Notable Harp Cover Features:

• June 2006: “Rock of Ages” ­ pairing iconic rock stars like Thurston Moore, Steve Earle, Michael Stipe, Conor Oberst, Emmylou Harris, Tom Verlaine and others with rising stars in a Vanity Fair-like gatefold cover captured by renowned photographer Danny Clinch.
• Sep 2007: “Kings of Comedy” ­ an ensemble cover article featuring Flight of the Conchords, David Cross, Patton Oswalt and Eugene Mirman—photographed
and interviewed together.
• March 2008: “Dave Grohl for President” ­ featuring a mock presidential run by the Foo Fighters’ Dave Grohl.

Fred Mills
Remote Editor At Large
(a/k/a The Artist Formerly Known As Harp Managing Editor)

by Rob Horning

17 Mar 2008

If you follow financial news at all, you already know that the sky is falling, signaled in particular by Bear Stearns being sold for $2 a share to J.P. Morgan Chase. This picture sums it up cleverly:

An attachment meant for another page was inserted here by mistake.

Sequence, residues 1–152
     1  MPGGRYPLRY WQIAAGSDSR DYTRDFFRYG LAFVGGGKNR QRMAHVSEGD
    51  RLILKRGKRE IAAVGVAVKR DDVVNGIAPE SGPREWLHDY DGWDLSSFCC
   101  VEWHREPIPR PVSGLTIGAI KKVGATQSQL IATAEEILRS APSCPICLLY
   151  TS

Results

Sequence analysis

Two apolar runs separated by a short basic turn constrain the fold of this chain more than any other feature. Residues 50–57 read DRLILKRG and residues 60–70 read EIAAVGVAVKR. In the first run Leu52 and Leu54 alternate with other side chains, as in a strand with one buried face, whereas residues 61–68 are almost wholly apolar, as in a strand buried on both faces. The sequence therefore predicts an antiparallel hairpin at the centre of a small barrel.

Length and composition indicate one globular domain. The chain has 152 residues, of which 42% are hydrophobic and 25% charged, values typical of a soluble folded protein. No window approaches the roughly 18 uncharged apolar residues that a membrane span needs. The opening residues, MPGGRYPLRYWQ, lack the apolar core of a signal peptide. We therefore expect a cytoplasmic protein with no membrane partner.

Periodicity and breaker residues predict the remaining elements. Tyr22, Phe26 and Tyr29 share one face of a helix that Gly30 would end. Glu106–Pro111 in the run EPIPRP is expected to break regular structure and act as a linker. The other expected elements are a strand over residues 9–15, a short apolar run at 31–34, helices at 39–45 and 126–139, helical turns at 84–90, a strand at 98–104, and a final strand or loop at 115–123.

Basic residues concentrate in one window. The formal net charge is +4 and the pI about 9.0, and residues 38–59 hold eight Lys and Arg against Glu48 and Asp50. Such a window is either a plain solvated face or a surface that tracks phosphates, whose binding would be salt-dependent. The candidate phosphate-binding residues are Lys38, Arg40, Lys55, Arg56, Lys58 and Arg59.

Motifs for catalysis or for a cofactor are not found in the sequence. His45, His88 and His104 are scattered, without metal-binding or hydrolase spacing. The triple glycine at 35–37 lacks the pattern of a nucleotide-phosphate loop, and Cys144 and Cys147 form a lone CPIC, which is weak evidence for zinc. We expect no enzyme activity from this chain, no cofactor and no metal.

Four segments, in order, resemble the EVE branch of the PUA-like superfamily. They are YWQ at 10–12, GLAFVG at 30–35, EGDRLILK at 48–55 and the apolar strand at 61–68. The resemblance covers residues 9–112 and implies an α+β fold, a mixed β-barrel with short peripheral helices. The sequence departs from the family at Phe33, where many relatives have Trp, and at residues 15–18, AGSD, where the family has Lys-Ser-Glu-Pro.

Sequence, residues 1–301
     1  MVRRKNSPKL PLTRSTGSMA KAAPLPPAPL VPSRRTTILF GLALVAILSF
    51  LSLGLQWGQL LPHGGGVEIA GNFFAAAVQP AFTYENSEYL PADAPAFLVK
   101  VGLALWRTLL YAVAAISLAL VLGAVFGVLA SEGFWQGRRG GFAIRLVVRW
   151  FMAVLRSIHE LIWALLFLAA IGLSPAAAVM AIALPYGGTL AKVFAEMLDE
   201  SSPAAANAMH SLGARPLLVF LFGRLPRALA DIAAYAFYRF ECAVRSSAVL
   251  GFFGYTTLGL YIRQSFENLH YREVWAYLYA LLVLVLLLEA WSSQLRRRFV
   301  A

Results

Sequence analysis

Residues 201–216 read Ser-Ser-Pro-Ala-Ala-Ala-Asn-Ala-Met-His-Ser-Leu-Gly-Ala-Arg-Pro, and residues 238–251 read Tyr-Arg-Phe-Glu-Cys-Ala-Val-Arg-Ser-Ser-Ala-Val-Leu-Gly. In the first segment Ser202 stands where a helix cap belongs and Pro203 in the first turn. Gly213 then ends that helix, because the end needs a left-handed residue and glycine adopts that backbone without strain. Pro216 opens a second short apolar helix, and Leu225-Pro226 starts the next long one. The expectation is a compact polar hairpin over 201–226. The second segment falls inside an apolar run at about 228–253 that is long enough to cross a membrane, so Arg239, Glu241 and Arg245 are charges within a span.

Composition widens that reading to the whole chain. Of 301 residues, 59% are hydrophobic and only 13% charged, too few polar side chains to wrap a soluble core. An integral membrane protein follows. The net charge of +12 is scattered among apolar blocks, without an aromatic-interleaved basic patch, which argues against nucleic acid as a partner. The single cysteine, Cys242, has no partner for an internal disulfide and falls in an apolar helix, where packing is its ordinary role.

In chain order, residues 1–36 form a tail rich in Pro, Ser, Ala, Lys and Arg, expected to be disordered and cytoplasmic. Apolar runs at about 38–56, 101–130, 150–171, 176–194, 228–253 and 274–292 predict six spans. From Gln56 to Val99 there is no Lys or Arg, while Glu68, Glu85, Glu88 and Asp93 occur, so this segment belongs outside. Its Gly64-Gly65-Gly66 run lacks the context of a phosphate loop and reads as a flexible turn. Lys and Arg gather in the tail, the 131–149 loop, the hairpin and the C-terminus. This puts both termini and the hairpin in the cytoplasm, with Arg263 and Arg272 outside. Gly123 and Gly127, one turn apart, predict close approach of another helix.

To put that in perspective, that deal according to this NYT story values the company at $270 million; which is $5 million less than A-Rod will be paid to play baseball. Take into account also that Bear Stearns’ headquarters on Madison Avenue has been valued at $1.2 billion, and it becomes clear that Bear Stearns is apparently worth a negative billion, and that J.P. Morgan is being paid in real estate to deal with the toxic waste on Bear’s balance sheet. But it gets better for J.P. Morgan, because the Fed has stepped in to assume the risk on $30


make that billion of those dubious loans. (A good question to ask is whether the Fed gets to keep any profit this $30 million might by some miracle generate. Or do we taxpayers get nothing but screwed out of this?)